I think the stock market will get rocked by year’s end.

Three vaccine announcements in three weeks: Can the news get any better? What will be the catalyst to keep the stock market moving higher? There is the hope that the vaccines will get us to a new day. However, COVID-19 infection rates have been spiking. We must get beyond renewed lockdown measures. The governors of California, Oregon and Washington state issued a joint statement discouraging travel. Virginia, New York and Massachusetts tightened restrictions. Illinois threatened a statewide stay-at-home order.

Many businesses are already on their heels. Others wish they were still on their heels. Last week, the Wall Street Journal reported that even those that received significant help weren’t able to make it. About 300 companies, representing approximately 23,400 workers, filed for bankruptcy after receiving capital from the Paycheck Protection Program. But those 300 companies underrepresent businesses on Main Street, U.S.A. The WSJ only researched the largest 13.5% of the PPP borrowers. Many smaller businesses simply closed their doors and will never reopen again as opposed to filing for bankruptcy.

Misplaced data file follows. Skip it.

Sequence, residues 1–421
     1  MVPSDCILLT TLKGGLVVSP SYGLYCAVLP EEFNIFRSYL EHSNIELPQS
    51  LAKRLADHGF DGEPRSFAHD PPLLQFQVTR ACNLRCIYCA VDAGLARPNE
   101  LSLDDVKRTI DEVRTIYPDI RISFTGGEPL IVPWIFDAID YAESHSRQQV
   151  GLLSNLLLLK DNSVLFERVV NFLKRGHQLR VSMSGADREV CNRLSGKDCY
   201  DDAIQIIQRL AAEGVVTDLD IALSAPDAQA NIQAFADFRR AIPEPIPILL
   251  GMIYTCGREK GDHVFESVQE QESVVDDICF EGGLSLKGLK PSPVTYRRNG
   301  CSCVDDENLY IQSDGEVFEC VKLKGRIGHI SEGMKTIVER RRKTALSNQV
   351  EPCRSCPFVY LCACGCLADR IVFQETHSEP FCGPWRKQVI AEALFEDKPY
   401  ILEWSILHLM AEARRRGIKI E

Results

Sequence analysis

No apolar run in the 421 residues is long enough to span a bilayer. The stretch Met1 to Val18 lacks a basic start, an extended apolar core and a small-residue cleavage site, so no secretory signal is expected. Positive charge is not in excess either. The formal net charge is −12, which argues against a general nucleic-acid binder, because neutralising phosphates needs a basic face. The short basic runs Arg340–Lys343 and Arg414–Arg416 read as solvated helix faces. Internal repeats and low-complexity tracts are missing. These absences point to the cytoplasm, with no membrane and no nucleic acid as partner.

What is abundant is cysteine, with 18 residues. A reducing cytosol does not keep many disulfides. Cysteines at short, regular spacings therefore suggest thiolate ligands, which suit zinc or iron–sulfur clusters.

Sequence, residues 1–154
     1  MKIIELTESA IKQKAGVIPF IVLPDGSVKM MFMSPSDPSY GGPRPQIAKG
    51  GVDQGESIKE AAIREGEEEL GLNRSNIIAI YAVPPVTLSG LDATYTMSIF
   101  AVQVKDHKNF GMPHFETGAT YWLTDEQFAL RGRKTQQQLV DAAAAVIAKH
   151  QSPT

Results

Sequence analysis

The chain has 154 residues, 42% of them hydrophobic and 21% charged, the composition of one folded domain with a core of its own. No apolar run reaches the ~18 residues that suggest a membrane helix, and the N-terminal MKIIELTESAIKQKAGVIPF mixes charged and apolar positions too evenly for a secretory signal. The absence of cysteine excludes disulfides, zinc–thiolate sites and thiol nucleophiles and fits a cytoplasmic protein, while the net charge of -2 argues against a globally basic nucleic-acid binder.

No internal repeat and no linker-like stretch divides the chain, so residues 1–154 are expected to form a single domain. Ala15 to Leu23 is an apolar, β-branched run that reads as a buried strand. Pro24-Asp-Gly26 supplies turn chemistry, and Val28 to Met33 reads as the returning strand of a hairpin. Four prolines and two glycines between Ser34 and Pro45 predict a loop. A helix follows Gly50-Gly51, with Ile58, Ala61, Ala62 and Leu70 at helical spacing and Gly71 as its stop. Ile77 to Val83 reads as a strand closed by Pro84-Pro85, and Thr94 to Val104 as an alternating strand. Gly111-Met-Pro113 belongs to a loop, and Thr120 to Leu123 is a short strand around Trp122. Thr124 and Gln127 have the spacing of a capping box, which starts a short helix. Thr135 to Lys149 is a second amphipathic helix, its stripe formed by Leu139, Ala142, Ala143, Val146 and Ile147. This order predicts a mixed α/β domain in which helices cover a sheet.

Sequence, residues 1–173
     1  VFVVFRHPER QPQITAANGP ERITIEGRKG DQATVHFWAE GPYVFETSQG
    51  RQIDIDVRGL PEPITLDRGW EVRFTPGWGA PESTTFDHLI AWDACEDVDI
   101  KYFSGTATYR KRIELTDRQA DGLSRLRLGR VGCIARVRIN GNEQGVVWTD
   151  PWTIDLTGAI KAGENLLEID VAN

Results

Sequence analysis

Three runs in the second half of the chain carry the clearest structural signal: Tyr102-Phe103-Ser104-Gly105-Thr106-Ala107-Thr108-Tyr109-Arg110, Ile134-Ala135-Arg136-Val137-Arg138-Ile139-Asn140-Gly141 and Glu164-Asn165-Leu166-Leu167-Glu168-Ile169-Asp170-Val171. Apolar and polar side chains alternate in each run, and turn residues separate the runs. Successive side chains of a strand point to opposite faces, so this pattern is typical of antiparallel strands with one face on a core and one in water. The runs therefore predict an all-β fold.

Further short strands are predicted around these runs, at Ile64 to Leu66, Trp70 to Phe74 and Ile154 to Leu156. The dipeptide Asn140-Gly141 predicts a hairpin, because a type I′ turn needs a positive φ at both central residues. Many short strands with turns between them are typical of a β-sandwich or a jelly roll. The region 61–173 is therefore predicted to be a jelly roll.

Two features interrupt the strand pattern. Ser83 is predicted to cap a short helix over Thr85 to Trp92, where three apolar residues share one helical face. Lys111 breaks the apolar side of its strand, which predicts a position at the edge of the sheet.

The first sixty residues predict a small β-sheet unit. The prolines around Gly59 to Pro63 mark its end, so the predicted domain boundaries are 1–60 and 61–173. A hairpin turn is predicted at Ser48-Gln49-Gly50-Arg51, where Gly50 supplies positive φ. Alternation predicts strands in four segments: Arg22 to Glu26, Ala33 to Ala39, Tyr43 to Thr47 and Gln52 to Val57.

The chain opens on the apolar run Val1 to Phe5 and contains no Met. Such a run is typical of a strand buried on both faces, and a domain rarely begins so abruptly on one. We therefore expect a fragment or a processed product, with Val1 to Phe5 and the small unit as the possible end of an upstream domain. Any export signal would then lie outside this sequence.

Not only did those companies receive PPP loans, but they had the advantage of summer weather. With the days getting colder and socially distanced consumers getting used to shopping from home, Main Street, U.S.A., is severely threatened. As welcome as the vaccines are, vaccines will not help the global population, including the U.S., reach herd immunity until late 2021. Businesses need fiscal stimulus, but there is no lifeline in sight.